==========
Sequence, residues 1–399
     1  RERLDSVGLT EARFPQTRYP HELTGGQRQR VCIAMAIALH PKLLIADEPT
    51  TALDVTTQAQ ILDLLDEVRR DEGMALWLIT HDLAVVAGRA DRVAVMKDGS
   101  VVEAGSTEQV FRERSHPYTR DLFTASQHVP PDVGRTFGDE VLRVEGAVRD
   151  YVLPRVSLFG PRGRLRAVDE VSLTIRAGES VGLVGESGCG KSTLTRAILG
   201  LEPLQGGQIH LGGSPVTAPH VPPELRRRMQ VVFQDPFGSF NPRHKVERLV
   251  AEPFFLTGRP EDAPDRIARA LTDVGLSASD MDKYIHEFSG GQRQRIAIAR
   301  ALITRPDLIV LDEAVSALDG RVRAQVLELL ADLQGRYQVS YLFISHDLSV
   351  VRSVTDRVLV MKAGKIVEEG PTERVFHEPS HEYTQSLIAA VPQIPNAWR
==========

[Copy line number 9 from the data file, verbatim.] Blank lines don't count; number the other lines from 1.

   351  VRSVTDRVLV MKAGKIVEEG PTERVFHEPS HEYTQSLIAA VPQIPNAWR